A heavier-than-expected snowfall coated the Berkshires on Tuesday, causing slick roads as temperatures fell from the low 30s into the mid-20s.
The initial forecast had measurable snow confined to Great Barrington and points south. But by mid-afternoon, accumulations of between 1 and 3 inches had blanketed most of the county, according to local officials and the National Weather Service office in Albany, N.Y.
"There was more enhancement of the snow than we expected," said NWS meteorologist Ingrid Amberger.
The Berkshires and nearby counties were on the western fringe of a moderate snowstorm off the mid-Atlantic coast, moving eastward well south of Long Island, N.Y.
By nightfall, the snow had tapered off, with parts of South County close to the 3-inch snowfall amount.
Meanwhile, local and state police reported several fender benders and vehicles skidding off area roads, but no serious accidents.
Authorities say the brunt of the storm occurring between the morning and afternoon commute kept accidents to a minimum.
The storm's midday timing also helped municipal and state highway crews keep the roads salted, sanded and plowed through the afternoon commute.
"The temperatures stayed around 25 to 30 degrees; salt works really well at those temperatures," said Great Barrington DPW Superintendent Joe Sokul.
There may be more outbreaks of snow Wednesday afternoon and evening as the leading edge of an Arctic air mass heads across the area, followed by dry but frigid conditions Thursday into Saturday.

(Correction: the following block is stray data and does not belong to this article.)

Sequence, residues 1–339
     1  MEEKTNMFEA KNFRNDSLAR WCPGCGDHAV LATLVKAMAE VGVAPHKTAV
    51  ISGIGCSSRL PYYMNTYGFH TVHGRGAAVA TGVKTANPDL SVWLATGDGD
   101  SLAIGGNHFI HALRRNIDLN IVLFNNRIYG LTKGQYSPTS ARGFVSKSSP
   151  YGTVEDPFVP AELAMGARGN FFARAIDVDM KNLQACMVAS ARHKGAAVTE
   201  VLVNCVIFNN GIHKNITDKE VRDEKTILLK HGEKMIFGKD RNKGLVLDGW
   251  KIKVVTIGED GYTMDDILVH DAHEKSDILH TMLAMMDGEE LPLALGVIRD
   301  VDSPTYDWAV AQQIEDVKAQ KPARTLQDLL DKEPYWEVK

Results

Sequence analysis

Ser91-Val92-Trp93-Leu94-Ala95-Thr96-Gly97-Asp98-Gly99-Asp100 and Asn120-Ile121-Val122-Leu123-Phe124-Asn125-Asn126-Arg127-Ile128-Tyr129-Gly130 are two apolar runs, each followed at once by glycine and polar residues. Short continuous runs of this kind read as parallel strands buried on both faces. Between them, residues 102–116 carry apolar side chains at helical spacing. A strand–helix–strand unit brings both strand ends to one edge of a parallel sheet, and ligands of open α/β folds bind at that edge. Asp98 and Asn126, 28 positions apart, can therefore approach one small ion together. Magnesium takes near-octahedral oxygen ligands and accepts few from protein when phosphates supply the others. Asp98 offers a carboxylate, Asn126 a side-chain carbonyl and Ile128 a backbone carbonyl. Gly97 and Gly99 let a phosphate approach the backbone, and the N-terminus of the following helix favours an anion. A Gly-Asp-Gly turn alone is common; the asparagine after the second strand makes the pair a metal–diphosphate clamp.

A potentially significant storm is in the long-range outlook for Saturday night into Sunday, according to the forecasters. The amount of snow depends on a potential wintry mix with sleet and freezing rain as temperatures could return to the 30s.
Local highway officials say they're ready for the full force of Mother Nature.
"All our plows are set, sanders are set and the salt shed is full -- we're ready to tackle what's next," said Lee's Assistant DPW Superintendent Dennis Kelly,
Tuesday's storm caused widespread school and government closures in the nation's capital and elsewhere along the Eastern Seaboard, the Associated Press reported. State police in Connecticut said there had been 83 crashes by late morning, with eight minor injuries.
Some schools in Connecticut were closed, while a few districts in Rhode Island and southeastern Massachusetts planned early dismissals or canceled afternoon activities.
Flight delays were reported in Boston, New York, Newark and Philadelphia. According to flightaware.com, more than 1,000 flights had been canceled nationwide by early afternoon, with many of the routes still flying encountering severe delays.